Children of Earth: Day Two.



TV Day Two was a demonstration of how a writer can get away with an awful lot if what they’re showing us is entertaining enough. In the main, this was the kind of episode Terrance Dicks describes on the dvd of The War Games as capture and release, in which some of our heroes are thrown in a prison cell and we have to watch them being rescued by the rest of our heroes to play for narrative time. Though it has to be said that it's not often the cell has to not only be broken into but hurled into a quarry.

Closely adhering to the old Doctor Who story structure, not much happened in this second episode in terms of the main plot; we found out a bit about the 456 (that they could be ambassadors of death or the people who top up an Orange mobile phone or something) and their timetable for approach and that the government have been aware of this kind of thing for ages (obviously) but mainly this was about re-emphasising the threat and putting some of the human shaped chess pieces in place ready for later in the week.

New writer John Fay took the baton from Russell T and blazed into the bend with it, delivering an episode in which our heroes might not have been running anywhere in particular but did so in just as appealing a way. I must have mentioned this before, but one of my favourite ever moments in new-Who is the chip shop scene in The Parting of the Ways. While Rose silently ponders the battle that is being waged in the future which she’s been exiled from, Jackie and Mickey chat about a new pizza shop which is opening nearby. We discover that it sells pizzas. It’s one of those nonsensical bits of small talk which happens between people who don’t have much else to say and it’s an example of what Russell T Davies has promoted so well throughout his version of the franchise, clashing and comparing the mundane with the fantastic.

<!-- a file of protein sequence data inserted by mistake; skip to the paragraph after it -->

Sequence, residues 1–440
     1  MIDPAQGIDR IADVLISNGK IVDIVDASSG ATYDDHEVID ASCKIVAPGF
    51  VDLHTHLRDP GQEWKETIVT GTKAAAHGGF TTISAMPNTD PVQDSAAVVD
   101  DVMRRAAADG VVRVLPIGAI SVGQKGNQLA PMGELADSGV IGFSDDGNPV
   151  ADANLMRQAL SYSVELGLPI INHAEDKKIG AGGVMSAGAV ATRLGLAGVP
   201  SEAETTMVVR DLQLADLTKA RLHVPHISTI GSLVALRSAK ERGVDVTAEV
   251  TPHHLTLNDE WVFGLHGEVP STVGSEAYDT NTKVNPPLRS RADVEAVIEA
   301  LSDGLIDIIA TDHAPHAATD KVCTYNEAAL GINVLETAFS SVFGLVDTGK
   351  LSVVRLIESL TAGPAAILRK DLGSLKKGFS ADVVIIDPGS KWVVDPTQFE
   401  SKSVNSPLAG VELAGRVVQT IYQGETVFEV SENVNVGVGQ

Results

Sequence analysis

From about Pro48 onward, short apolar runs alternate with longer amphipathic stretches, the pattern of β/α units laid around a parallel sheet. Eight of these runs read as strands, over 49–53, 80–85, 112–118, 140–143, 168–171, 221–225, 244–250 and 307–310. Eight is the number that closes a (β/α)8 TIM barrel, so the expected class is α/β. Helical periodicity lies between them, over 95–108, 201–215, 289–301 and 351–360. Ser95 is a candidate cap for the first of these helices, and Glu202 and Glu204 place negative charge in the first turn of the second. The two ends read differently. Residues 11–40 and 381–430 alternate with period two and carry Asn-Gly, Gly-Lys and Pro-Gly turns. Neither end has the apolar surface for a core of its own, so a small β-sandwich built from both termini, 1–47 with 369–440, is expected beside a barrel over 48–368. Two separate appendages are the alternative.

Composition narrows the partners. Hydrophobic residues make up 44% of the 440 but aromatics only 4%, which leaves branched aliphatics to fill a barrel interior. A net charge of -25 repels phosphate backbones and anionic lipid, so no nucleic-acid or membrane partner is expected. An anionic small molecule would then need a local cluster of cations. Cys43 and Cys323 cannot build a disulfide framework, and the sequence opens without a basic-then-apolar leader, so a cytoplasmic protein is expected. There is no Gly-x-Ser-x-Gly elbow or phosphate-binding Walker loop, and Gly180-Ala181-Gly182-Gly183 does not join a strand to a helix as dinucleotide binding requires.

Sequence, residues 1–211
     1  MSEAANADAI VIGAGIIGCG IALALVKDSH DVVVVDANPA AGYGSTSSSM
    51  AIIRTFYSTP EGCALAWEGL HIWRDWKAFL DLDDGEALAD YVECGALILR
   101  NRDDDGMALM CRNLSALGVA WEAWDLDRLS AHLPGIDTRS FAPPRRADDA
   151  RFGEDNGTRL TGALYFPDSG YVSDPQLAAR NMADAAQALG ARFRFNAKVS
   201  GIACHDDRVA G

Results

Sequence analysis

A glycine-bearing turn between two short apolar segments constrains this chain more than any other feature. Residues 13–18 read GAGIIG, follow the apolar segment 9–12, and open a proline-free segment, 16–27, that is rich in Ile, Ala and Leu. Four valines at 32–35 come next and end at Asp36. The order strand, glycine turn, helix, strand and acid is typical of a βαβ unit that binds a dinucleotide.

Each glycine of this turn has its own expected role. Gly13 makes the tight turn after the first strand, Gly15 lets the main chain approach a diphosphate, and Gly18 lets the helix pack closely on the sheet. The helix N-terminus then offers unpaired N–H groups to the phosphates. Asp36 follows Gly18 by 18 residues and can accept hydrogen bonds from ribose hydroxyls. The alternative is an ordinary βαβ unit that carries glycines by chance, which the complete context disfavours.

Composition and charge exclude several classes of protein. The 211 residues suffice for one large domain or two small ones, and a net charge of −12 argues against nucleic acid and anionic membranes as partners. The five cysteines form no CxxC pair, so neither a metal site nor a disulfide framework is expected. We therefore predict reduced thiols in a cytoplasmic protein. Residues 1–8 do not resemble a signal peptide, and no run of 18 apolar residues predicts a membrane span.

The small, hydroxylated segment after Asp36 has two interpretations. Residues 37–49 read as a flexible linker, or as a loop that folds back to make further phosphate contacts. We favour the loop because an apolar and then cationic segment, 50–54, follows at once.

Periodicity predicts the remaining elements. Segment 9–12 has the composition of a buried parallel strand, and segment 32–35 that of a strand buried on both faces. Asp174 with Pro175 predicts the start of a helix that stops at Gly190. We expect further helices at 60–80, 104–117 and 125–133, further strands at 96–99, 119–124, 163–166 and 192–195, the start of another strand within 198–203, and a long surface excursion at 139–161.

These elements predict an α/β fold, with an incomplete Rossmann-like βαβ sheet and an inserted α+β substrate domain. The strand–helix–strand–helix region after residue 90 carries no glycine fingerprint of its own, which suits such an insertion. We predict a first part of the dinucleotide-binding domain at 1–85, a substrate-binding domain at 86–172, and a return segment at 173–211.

What I love most about this new iteration of Torchwood is that it takes that approach and daubs it across every scene. I’ve already seen some complaints that it means that the series lacks that Spooksian sheen of reality (yeah, right), but personally I’d be annoyed if anything set in the Whoniverse did suddenly descend into a more visceral sense of reality and the kind of cartoon humour we saw tonight which balances on a tightrope somewhere between 24, Gavin & Stacey (I expect since I haven’t seen it), Outnumbered and Viz Comic. I’d much rather have anti-Tucker’s kids taking the piss out of him than cowering in terror and if BBC Cymru have any sense they’ll give Ianto’s brother-in-law his own series. I’m sure there would be quite some mileage in watching him and PC Andy chasing weevils.

In most other scenarios Agent Johnson would be a deadly assassin but isn’t it more fun that she just keeps missing our heroes like a leatherclad Wile E Coyote not at all suspecting that they’d have some way of making off with a concrete cell containing the man who cannot die? That the flakey manager of a haulage firm is the linchpin of that plan, a plan predicated on fortuitous information passed down by a governmental Huggy Bear/Deep Throat/PA with a password across a dinner table during the scoffing of pie dinner? Was that even a question?